Farmacorresistência Viral , Infecções por HIV/tratamento farmacológico , Infecções por HIV/virologia , HIV-1/efeitos dos fármacos , Adolescente , Feminino , Genótipo , Infecções por HIV/epidemiologia , Infecções por HIV/transmissão , HIV-1/genética , Humanos , Masculino , Mutação , Prevalência , Ruanda/epidemiologia , Adulto Jovem
J Infect Dis ; 206 Suppl 1: S74-9, 2012 Dec 15.
Artigo em Inglês | MEDLINE | ID: mdl-23169976


BACKGROUND: In 2008, Rwanda established an influenza sentinel surveillance (ISS) system to describe the epidemiology of influenza and monitor for the emergence of novel influenza A viruses. We report surveillance results from August 2008 to July 2010. METHODS: We conducted ISS by monitoring patients with influenza-like illness (ILI) and severe acute respiratory infection (SARI) at 6 hospitals. For each case, demographic and clinical data, 1 nasopharyngeal specimen, and 1 oropharyngeal specimen were collected. Specimens were tested by real-time reverse-transcription polymerase chain reaction for influenza A and B viruses at the National Reference Laboratory in Rwanda. RESULTS: A total of 1916 cases (945 ILI and 971 SARI) were identified. Of these, 29.2% (n = 276) of ILI and 10.4% (n = 101) of SARI cases tested positive for influenza. Of the total influenza-positive cases (n = 377), 71.8% (n = 271) were A(H1N1) pdm09, 5.6% (n = 21) influenza A(H1), 7.7% (n = 29) influenza A(H3), 1.6% (n = 6) influenza A (unsubtyped), and 13.3% (n = 50) influenza B. The percentage of positivity for influenza viruses was highest in October-November and February-March, during peaks in rainfall. CONCLUSIONS: The implementation of ISS enabled characterization of the epidemiology and seasonality of influenza in Rwanda for the first time. Future efforts should determine the population-based influenza burden to inform interventions such as targeted vaccination.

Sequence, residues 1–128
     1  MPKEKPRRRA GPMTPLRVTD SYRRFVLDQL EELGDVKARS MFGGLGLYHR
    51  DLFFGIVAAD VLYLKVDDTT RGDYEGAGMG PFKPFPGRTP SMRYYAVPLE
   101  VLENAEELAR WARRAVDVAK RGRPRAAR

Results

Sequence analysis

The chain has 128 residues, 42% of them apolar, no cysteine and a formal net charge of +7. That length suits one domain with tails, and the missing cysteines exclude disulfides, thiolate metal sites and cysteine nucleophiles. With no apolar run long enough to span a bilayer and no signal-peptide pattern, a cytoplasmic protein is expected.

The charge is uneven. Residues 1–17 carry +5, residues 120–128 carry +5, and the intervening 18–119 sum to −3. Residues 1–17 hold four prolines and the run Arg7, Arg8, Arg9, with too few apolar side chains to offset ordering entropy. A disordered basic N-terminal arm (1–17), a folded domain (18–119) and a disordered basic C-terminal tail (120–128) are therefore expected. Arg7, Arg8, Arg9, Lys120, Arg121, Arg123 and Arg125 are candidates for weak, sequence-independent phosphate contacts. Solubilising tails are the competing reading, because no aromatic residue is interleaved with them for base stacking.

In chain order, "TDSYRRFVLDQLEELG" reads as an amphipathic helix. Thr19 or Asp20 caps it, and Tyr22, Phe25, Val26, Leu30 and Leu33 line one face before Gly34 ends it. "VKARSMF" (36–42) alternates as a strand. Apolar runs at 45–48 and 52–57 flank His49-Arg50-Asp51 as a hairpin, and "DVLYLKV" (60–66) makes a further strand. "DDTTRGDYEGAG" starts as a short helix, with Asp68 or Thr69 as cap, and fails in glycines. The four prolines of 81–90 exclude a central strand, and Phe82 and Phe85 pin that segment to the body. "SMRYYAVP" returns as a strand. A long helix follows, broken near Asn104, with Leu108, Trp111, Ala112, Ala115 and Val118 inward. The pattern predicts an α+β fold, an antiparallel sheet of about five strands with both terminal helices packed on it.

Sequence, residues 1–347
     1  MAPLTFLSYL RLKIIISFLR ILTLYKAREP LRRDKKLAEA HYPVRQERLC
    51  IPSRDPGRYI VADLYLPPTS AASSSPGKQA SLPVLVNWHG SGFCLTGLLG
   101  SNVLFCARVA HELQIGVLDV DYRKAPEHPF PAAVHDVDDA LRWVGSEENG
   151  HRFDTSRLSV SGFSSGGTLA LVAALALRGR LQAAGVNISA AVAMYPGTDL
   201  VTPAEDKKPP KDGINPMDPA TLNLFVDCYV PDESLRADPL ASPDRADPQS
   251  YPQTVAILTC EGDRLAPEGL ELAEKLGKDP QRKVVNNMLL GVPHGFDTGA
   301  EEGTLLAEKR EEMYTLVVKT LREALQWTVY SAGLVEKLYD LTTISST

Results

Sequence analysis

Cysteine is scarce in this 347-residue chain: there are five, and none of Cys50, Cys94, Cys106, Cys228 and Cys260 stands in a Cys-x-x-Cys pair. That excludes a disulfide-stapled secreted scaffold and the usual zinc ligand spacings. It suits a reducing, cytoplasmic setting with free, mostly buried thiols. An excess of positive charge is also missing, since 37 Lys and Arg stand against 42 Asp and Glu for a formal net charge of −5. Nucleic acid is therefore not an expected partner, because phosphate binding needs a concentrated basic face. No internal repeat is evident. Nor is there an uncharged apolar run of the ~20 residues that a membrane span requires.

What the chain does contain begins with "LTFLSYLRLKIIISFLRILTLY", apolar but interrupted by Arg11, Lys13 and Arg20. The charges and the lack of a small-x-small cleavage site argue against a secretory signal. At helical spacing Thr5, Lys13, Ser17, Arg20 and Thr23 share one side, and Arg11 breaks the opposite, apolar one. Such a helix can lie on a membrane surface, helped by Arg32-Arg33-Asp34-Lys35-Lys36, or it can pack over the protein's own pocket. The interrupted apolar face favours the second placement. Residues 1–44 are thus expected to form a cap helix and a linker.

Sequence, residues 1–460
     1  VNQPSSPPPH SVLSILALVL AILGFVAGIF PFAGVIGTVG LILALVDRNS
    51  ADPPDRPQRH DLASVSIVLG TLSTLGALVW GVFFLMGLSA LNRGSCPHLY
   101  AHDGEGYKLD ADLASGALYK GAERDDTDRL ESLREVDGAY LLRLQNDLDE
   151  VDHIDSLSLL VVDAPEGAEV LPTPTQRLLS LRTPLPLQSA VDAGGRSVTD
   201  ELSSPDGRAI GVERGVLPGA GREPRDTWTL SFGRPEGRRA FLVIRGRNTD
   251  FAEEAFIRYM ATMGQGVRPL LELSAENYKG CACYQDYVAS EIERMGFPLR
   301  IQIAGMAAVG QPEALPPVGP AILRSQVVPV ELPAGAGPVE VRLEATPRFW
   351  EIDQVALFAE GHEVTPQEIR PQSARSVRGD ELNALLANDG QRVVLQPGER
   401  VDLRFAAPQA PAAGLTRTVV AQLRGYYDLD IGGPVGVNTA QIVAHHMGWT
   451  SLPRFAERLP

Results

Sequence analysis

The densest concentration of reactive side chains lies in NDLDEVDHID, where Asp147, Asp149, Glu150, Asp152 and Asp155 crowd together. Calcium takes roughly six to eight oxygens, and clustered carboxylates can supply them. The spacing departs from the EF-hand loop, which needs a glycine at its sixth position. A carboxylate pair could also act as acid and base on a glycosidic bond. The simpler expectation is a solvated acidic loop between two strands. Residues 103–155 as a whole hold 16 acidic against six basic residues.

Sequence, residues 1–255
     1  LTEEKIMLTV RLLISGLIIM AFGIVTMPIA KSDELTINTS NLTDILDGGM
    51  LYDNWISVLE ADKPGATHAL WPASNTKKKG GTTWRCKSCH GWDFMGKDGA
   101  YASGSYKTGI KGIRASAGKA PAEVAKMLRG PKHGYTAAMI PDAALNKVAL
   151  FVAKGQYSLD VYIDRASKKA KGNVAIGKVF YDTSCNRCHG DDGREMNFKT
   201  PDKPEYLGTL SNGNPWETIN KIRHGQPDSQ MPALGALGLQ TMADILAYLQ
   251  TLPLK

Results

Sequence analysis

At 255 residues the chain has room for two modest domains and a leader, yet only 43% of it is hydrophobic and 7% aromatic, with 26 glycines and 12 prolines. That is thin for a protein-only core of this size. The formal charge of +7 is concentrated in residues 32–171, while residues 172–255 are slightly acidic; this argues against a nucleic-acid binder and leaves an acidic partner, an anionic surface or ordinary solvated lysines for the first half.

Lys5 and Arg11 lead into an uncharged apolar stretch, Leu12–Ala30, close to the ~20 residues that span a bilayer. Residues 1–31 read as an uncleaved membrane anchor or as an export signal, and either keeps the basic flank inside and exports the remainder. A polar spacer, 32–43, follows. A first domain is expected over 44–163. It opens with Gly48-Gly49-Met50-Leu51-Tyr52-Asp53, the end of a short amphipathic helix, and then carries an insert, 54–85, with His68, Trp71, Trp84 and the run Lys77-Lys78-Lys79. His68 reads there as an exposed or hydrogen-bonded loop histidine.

Vírus da Influenza A/classificação , Vírus da Influenza A/isolamento & purificação , Influenza Humana/epidemiologia , Influenza Humana/virologia , Adolescente , Adulto , Idoso , Idoso de 80 Anos ou mais , Criança , Pré-Escolar , Feminino , Humanos , Lactente , Masculino , Pessoa de Meia-Idade , Nasofaringe/virologia , Orofaringe/virologia , Prevalência , Reação em Cadeia da Polimerase em Tempo Real , Reação em Cadeia da Polimerase Via Transcriptase Reversa , Ruanda/epidemiologia , Vigilância de Evento Sentinela , Adulto Jovem
J Agric Food Chem ; 54(20): 7405-12, 2006 Oct 04.
Artigo em Inglês | MEDLINE | ID: mdl-17002401


The presence of foreign matter in cotton seriously affects the cotton grade and thus the price per bale paid by the spinner to the grower, the efficiency of the spinning and ginning operations, and the quality of the final woven product. Rapid identification of the nature of the extraneous matter in cotton at each stage of cleaning and processing is necessary to permit actions to eliminate or reduce its presence and improve efficiency and quality. Although several instruments are being successfully employed for the measurement of contamination in cotton fibers based on particle size/weight, no commercial instrument is capable of accurate qualitative identification of contaminants. To this end, ATR/FT-IR spectra of retrieved foreign matter were collected and subsequently rapidly matched to an authentic spectrum in a spectral database. The database includes contaminants typically classified as "trash", cotton plant parts (hull, shale, seed-coat fragments, bract, cacyx, leaf, bark, sticks, and stems) and grass plant parts (leaf and stem); "foreign objects and materials", synthetic materials (plastic bags, film, rubber, bale wrapping and strapping); organic materials (other fibers, yarns, paper, feathers, and leather); plus entomological and physiological sugars and inorganic materials (sand and rust). The spectral matching resulted in consistently high-score identification of the foreign matter based on chemical composition, irrespective of its particle size. The method is envisioned to be employed with stand-alone rugged infrared instrumentation to provide specific identification of extraneous materials in cotton as opposed to only general classification of the type by particle size or shape.

Gossypium , Espectroscopia de Infravermelho com Transformada de Fourier/métodos , Tamanho da Partícula , Estruturas Vegetais , Controle de Qualidade , Indústria Têxtil/métodos